Major changes to the way companies file their accounts and tax returns appear to be on the cards. A consultation recently launched by the Department for…
In February 2019, motivated by the Government’s drive to limit house price rises, HMRC published a consultation document on the introduction of a stamp duty land tax (SDLT) non-resident surcharge. The proposal will apply to purchases of residential property in England and Northern Ireland by non-UK resident individuals and non-natural persons and will impose an additional 1% rate of tax on top of existing SDLT rates.
In the name of simplification, the proposed residence test for individuals is a UK day count; an individual will be treated as a non-UK resident if they have spent fewer than 183 days in the UK during the period of 12 months ending with the date of the transaction in question. However, an individual who subsequently spends at least 183 days in the UK during the 12 month period starting on the date of the transaction in question, will be eligible for a refund of the surcharge paid. For day counting purposes, a day will be deemed to have been spent in the UK if the individual was present in the UK at midnight.
Whilst in isolation, the residence test is straightforward enough, the current proposal does open the possibility of an individual to be treated as UK resident for income tax and capital gains tax purposes (under the statutory residence test) but non-UK resident for SDLT purposes and arguably, this could give rise to inequality, confusion and complexity in the tax system. Responses to the consultation are calling for the definition to be reconsidered. Moreover, those acquiring residential property in anticipation of a return to the UK following a period of non-residence will not be able to purchase too far in advance, as this may prevent them from claiming a refund at all.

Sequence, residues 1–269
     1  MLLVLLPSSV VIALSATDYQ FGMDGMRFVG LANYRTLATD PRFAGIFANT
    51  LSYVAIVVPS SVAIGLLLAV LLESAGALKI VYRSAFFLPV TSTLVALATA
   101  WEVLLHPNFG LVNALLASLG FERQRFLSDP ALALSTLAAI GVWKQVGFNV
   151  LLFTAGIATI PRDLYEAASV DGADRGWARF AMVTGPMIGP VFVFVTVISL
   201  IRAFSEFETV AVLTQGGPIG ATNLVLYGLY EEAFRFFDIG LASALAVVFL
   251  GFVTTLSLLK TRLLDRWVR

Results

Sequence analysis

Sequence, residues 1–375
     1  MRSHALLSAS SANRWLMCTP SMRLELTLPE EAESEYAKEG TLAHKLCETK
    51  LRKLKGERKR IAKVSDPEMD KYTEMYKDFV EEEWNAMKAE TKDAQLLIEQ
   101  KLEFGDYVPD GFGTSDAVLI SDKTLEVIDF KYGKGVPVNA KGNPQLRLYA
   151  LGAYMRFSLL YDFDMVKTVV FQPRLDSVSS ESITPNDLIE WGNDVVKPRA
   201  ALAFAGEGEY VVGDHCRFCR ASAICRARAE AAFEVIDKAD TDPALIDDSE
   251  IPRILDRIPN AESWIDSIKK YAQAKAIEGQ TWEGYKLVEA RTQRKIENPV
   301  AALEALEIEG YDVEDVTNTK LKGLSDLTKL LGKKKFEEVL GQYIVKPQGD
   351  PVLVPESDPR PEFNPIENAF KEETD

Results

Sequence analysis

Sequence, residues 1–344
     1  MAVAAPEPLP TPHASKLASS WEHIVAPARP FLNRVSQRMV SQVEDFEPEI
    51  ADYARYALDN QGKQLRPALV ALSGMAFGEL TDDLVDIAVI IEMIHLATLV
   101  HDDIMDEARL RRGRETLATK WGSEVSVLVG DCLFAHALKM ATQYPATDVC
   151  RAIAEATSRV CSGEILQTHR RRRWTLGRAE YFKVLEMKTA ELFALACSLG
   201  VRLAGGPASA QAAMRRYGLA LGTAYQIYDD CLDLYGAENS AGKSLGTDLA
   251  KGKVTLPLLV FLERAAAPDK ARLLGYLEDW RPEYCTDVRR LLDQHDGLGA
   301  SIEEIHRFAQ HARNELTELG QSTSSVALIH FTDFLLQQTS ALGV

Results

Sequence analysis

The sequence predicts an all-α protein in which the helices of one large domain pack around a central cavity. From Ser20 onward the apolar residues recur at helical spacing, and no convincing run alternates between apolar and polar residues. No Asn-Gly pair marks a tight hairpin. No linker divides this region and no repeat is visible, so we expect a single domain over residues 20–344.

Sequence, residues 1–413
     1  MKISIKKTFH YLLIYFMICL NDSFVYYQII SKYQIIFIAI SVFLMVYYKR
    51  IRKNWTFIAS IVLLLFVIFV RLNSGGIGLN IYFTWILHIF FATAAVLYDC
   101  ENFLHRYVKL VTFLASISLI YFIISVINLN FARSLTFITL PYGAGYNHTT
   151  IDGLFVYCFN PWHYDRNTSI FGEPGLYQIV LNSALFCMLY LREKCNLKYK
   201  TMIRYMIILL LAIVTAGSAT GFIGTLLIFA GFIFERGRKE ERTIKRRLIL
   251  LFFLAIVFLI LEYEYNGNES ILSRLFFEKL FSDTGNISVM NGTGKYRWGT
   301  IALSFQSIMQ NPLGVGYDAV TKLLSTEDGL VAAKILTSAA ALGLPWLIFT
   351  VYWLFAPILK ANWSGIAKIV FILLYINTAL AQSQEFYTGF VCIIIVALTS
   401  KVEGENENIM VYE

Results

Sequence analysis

The consultation confirms that the surcharge will apply to joint purchases if any of the purchasers are non-UK resident. The implications for a married couple, or those in civil partnership, where one half works abroad and the other remains in the UK could be very unfavourable. The proposal does include a concession where that a property bought solely by a UK resident will not give rise to the surcharge even where their spouse is non-UK resident but this approach may not be desirous for those concerned, and perhaps more crucially, may pose challenges for obtaining mortgages where only one party to the marriage or civil partnership owns the property.
The refund process will require an individual to submit an amended SDLT return to HMRC within an extended amendment window of 24 months.
The reliefs currently proposed from the surcharge are sparse; the Government is considering an upfront relief for Crown employees who are non-UK resident at the time of the transaction but are nonetheless subject to UK income tax. A response by the Chartered Institute of Taxation to the consultation has suggested relief should be extended to employees on a fixed term secondment overseas in the private sector who are also subject to UK tax but whether this will be accepted is unclear at this stage.
With a budget date of 11 March 2020 recently announced, it is possible that the introduction of the proposed changes will come into effect sooner rather than later. Non-UK residents looking to purchase property in the immediate future should therefore be mindful of the proposal and consider their options carefully.
At PKF Francis Clark we have a dedicated team of SDLT experts who are on hand to provide analysis, planning and compliance to UK and non-UK residents. Please get in touch if you have any queries.
This blog is the latest in our series of pre-Budget articles on what may be announced on 11 March and potential outcomes. To read more, visit our Budget 2020 page of our website found here.